The Ultimate Summer Safari – Zimbabwe


Melissa Siebert


December ushers in the rains and summer season in Zimbabwe’s massive wildlife showcase: the renowned Hwange National Park. Zim’s largest reserve – 5 657 highly diverse square miles of Kalahari sands seeping into teak woodlands and golden savannah grasslands – delivers some of the best game viewing on Earth, all year round. The summer months in Hwange, from November through March, offers endless enticements. Thunderstorms flashing across the area's famed Ngamo Plains, veritable sound and light shows; the best season for birding; lush landscapes as the bush greens, as trees bud then flower, as newborns emerge across the plains. As the clouds unleash, refreshing the land and its creatures, and the sun reappears till the clouds gather again.





Our ‘Ultimate Summer Safari’ takes you to stunning Linkwasha, our contemporary, luxury camp on the edge of the Ngamo Plains, in the heart of Hwange. Preface your four nights there with a visit to majestic Victoria Falls, staying at the historic Old Drift Lodge on the banks of the legendary Zambezi River, just seven kilometres upstream from the Falls – starting to flow more dramatically with the onset of rain. Book your trip to take place during this year's summer months - from November 2021 through March 2022.



Imagine a journey such as this:





Victoria Falls – Mosi-oa-Tunya, the Smoke that Thunders – remains a highlight on any southern Africa itinerary. The largest curtain of falling water in the world, the Falls figuratively knock you out and literally drench you from certain points – a thrilling baptism. Aside from natural wonders, there’s a feast for adrenalin junkies: bungie jumping; white-water rafting; helicoptering; microlighting; or ziplining.



Family fun at the Victoria Falls. Image by Alexandra Fuller


With a story dating back to the turn of the twentieth century, when the area was a crossing point for goods and cattle, elegant Old Drift Lodge nestles in a riverine forest on the banks of the iconic, vast Zambezi, always a magnificent sight. Elephants, buffalos, and herds of sable, eland, zebra, giraffe, kudu, waterbuck, and impala are regular guests. Sited within the Zambezi National Park, the lodge offers morning and afternoon game drives; guided nature walks; and river safaris. Ease into Africa in their stylish, en-suite, beautifully furnished canvas rooms, melding into the landscape. Each has a plunge pool and ‘bath with a view’. And what a view…one that travellers have been appreciating for centuries.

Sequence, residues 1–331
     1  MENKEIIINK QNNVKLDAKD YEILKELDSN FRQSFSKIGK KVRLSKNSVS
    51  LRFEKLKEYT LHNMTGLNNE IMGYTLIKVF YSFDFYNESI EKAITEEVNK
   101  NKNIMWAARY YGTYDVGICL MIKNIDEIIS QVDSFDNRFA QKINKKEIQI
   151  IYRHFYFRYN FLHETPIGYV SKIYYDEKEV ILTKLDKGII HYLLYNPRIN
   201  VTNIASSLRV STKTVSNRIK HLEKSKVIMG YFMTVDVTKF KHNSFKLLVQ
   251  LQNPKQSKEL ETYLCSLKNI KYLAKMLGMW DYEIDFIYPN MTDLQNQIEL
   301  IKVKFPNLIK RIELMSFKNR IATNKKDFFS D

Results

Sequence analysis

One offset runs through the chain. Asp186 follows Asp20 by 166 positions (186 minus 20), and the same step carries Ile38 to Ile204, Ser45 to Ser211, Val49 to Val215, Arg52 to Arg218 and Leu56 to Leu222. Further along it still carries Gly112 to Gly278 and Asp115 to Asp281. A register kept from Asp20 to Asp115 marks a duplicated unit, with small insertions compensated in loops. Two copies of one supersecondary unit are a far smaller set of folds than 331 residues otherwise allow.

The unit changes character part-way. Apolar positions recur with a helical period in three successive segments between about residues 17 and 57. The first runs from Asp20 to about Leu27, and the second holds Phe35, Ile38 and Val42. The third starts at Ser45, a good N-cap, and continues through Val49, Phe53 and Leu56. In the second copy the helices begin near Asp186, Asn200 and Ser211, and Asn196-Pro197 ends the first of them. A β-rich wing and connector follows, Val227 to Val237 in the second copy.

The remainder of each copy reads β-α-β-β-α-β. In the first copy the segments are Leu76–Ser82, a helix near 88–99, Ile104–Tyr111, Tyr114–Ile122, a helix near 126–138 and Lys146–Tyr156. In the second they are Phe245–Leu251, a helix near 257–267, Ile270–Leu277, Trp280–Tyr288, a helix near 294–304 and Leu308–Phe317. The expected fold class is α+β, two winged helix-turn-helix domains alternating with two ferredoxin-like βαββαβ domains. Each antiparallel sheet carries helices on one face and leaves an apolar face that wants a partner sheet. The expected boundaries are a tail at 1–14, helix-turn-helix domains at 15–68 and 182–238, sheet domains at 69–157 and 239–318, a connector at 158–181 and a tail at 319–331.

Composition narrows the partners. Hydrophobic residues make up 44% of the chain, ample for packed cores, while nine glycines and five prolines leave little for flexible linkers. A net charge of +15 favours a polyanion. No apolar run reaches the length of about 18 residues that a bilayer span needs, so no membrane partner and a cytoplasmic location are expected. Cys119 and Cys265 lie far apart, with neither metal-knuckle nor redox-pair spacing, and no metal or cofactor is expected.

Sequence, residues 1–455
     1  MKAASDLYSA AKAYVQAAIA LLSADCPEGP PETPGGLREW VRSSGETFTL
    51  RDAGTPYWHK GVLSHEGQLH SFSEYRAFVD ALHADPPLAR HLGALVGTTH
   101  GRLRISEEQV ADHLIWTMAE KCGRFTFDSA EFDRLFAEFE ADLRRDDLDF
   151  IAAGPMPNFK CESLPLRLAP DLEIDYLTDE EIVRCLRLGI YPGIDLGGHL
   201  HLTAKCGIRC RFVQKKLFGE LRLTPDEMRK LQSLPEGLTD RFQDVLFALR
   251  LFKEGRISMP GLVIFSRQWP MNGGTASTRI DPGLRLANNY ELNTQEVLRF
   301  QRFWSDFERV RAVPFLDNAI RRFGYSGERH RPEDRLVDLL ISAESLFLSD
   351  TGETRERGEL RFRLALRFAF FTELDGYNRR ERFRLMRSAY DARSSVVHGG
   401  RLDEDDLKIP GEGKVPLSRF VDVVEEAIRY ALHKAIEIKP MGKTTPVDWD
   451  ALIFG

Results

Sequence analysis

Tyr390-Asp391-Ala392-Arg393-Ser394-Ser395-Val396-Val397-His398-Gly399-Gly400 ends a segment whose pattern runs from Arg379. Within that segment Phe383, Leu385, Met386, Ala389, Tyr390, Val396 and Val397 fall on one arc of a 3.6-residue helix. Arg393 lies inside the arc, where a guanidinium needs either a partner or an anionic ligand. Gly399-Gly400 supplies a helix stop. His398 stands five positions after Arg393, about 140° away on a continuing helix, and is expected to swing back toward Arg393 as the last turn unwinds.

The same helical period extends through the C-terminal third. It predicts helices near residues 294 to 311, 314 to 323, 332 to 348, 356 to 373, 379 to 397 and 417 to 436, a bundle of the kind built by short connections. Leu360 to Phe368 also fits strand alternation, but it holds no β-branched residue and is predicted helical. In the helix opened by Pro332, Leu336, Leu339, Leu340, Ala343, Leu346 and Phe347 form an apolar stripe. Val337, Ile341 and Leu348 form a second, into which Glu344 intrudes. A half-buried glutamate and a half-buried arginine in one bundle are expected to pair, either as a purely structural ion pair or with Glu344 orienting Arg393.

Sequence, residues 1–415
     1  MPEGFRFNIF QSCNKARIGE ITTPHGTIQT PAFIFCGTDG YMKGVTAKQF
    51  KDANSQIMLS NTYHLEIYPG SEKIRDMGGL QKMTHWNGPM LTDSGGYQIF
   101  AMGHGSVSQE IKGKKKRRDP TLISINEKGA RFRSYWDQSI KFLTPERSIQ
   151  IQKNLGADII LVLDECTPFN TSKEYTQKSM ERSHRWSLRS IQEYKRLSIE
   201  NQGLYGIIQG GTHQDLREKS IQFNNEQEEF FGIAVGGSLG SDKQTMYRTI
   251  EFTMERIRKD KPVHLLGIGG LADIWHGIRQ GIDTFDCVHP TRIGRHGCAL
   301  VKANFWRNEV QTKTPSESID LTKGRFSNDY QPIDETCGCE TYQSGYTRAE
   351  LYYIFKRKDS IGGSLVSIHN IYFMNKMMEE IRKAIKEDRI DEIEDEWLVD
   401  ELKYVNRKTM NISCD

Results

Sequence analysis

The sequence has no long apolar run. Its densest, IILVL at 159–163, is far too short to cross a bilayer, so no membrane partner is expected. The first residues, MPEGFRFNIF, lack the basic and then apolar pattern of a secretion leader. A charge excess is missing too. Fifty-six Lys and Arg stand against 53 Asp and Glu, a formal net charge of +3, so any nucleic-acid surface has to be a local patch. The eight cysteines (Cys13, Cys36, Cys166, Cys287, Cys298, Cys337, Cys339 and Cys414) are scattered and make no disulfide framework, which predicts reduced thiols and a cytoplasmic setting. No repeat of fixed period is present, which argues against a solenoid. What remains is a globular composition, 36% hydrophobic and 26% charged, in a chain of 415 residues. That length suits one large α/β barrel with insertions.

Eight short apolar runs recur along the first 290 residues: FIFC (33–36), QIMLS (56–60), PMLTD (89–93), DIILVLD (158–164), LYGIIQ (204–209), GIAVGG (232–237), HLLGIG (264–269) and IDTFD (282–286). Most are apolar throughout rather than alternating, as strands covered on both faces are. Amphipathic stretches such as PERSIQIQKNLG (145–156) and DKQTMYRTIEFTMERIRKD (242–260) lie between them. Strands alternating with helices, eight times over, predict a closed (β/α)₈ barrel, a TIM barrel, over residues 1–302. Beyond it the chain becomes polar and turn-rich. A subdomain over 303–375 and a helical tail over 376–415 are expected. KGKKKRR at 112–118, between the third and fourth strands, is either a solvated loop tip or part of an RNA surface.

Linkwasha and its panoramic views of the Ngamo Plains immerse you in the bush, as an ongoing stream of elephants, buffalos, wildebeest, zebras, sable antelopes, eland, and other game travel past the ground-level rooms to the busy waterhole in front of the main area. With exclusive access to the Makalolo and Linkwasha protected areas, game drives and guided walks yield a wildlife bounty, including predators such as lions, cheetahs, and African wild dogs, and more than 400 bird species. Nine elegant tents nestle under a tree canopy, shaded in the environment’s neutral tones as well as bolder Ndebele patterns, reflecting local culture. On certain evenings, you might be joined for dinner – perhaps just drinks – as elephants siphon their fill from the pool, then rumble off into the darkness, just as the stars come out.





Summer is a special time at Linkwasha, with warm, sunny days and cooler evenings, as Graham Simmonds, a frequent visitor and Wildernes Zambezi Travel Shop Manager, describes:


‘Bushes, trees, flowers, grasses all start to emerge from where there was once nothing – the colours on the ground change – and animals start to flock to certain areas once deemed inhospitable, but now offering sustenance aplenty. It takes two to three weeks for the landscape to turn from desert into a green oasis.